Some embodiments of the present invention relate to systems and methods for aggregating and reporting traffic flow data captured in a communications network. Various embodiments sample packets of data flowing through the communications network and derive aggregated traffic flow from the sampled packets. Data in sampled packets are mapped to routing data descriptive of routes in the communications network, thus enriching the sampled packet data. By enriching sampled packet data with routing data, traffic flow can be derived in relation to relevant attributes, such as autonomous systems, geographical regions, NSP customers, NSP noncustomers, peers, on-net or off-net distribution, network applications or protocols. For example, total traffic flow between AS's, peers or communities can be determined. Reports can include traffic flow statistics in relation to various attributes. For example, traffic volume measurements can be used to report traffic volume between AS's, peers or communities, as well as on-net/off-net, customer and noncustomer distribution, or traffic associated with selected applications or protocols.

A method for analyzing communications traffic through a network includes sampling data packets communicated through the network, categorizing each data packet according one or more network-related attribute categories, aggregating data packets of each of the attribute categories, and determining data packet transmission statistics associated with each of the one or more attribute categories based on the aggregation. The one or more attribute categories may include one or more of geographic region, network, community, application, protocol, autonomous system, customer, on-net, or off-net. Determining data packet transmission statistics may include determining data packet volume transmitted to or from one or more of a geographic region, a network, a community, an autonomous system, a customer, an on-net provider, or an off-net provider.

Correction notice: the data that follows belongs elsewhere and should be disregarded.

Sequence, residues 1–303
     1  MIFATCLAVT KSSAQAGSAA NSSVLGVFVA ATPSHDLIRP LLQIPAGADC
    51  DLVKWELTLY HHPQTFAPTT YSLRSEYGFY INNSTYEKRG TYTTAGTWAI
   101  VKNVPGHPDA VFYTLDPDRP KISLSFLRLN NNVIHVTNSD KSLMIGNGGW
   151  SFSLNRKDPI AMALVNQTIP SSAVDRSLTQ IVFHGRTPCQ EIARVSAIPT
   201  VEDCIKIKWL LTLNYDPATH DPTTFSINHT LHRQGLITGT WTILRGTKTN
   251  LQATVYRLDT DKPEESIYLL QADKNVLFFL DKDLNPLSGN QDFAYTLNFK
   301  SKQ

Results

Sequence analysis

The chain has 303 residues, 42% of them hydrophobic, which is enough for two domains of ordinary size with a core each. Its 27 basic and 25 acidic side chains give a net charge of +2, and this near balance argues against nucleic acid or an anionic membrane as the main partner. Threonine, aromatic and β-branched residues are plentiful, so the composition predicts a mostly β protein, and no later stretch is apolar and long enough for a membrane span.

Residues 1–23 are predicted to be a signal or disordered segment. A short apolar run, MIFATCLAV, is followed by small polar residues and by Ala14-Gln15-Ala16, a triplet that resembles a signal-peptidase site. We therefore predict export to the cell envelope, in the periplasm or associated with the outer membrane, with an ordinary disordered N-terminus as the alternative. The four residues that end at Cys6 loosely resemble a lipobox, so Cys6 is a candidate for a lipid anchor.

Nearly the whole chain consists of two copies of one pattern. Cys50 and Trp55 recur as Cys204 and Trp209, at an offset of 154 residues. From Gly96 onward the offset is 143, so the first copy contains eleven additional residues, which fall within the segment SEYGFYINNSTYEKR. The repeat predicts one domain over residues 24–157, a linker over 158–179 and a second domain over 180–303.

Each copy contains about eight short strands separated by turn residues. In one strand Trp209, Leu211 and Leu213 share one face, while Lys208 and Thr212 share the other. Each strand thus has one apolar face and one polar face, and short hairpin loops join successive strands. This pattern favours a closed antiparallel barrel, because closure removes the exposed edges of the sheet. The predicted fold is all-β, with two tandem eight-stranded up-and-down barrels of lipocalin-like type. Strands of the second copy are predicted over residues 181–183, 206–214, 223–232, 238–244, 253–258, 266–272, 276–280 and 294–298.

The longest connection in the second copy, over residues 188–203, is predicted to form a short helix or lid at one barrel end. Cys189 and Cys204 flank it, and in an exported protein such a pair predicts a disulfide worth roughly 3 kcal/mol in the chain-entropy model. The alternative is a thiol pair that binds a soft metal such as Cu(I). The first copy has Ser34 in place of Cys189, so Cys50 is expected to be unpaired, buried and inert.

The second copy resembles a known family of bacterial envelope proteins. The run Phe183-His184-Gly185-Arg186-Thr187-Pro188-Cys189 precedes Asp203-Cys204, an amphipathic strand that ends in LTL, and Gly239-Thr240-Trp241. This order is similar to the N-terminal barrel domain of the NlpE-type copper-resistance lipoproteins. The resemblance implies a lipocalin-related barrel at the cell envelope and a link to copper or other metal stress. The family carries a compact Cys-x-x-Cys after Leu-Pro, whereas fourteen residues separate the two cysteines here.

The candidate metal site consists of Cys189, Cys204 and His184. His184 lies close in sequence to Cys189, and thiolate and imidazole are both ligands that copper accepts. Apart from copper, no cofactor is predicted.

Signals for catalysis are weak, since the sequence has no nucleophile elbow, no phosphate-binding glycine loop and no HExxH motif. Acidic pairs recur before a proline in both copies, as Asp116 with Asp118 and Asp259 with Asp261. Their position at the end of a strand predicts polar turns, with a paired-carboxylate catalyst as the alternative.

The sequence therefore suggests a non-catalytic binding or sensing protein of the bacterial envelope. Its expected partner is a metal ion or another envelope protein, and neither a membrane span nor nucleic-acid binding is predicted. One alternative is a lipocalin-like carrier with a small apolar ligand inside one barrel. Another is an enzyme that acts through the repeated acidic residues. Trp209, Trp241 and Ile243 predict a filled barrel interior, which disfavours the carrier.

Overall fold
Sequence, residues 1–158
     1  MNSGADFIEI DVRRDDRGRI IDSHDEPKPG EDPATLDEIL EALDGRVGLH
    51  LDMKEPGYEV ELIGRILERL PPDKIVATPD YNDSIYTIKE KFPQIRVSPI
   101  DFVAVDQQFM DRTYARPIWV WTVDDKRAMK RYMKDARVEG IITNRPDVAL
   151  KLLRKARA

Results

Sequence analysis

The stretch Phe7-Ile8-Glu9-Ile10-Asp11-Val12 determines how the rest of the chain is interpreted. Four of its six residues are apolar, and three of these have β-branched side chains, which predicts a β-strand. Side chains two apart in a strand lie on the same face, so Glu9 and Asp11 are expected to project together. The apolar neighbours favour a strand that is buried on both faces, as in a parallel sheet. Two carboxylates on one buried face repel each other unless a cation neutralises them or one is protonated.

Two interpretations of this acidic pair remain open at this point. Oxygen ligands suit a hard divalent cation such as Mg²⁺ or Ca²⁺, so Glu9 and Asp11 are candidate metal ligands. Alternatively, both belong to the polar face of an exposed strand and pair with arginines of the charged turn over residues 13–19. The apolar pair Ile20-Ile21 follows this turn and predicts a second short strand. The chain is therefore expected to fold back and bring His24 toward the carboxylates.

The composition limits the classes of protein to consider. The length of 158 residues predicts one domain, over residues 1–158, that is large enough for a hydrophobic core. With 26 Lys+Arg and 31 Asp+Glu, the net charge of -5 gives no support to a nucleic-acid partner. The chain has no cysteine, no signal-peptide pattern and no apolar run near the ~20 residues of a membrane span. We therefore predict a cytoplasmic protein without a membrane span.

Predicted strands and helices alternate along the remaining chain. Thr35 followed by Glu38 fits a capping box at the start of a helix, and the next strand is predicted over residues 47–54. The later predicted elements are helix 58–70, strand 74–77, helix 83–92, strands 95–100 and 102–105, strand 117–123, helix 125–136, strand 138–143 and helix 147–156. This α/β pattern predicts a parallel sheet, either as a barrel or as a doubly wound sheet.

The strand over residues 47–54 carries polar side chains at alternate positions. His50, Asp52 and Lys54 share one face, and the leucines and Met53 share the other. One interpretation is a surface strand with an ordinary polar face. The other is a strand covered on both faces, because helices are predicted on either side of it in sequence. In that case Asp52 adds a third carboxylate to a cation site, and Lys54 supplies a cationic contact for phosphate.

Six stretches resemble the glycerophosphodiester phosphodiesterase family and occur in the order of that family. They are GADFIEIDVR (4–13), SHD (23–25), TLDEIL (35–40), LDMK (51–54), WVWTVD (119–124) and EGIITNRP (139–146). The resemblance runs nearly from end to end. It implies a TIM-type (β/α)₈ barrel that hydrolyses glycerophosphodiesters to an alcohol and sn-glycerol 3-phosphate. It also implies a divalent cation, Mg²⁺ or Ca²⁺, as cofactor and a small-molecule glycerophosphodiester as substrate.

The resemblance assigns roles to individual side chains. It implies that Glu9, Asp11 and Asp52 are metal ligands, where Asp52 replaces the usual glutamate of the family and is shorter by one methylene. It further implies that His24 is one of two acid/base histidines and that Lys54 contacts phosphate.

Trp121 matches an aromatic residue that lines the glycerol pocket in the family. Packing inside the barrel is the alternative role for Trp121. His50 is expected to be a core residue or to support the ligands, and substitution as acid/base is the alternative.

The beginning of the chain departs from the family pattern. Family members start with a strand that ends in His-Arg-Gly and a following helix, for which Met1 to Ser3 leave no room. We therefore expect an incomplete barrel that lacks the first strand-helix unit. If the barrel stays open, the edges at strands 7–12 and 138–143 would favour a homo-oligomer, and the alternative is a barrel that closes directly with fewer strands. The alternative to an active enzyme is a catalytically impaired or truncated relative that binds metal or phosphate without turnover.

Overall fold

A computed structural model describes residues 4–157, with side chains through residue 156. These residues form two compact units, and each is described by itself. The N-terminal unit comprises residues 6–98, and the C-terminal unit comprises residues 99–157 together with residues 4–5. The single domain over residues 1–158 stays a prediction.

Prior to describing one or more preferred embodiments of the present invention, definitions of some terms used throughout the description are presented.

DEFINITIONS

The term “network service provider” refers to an organization or business that provides network access to one or more customers. An NSP may operate, for example, a backbone network and/or edge networks coupled to a plurality of other networks, whereby the other networks can communicate with each other and the Internet via the NSP network(s).

The term “customer” refers to an entity that uses services provided by an NSP. For example, the customer may pay the NSP for carrying traffic over the NSP's network.

A “node” is a uniquely addressable functional device on (i.e., communicatively coupled to) a network. A node may be any type of computer, server, gateway device, or other.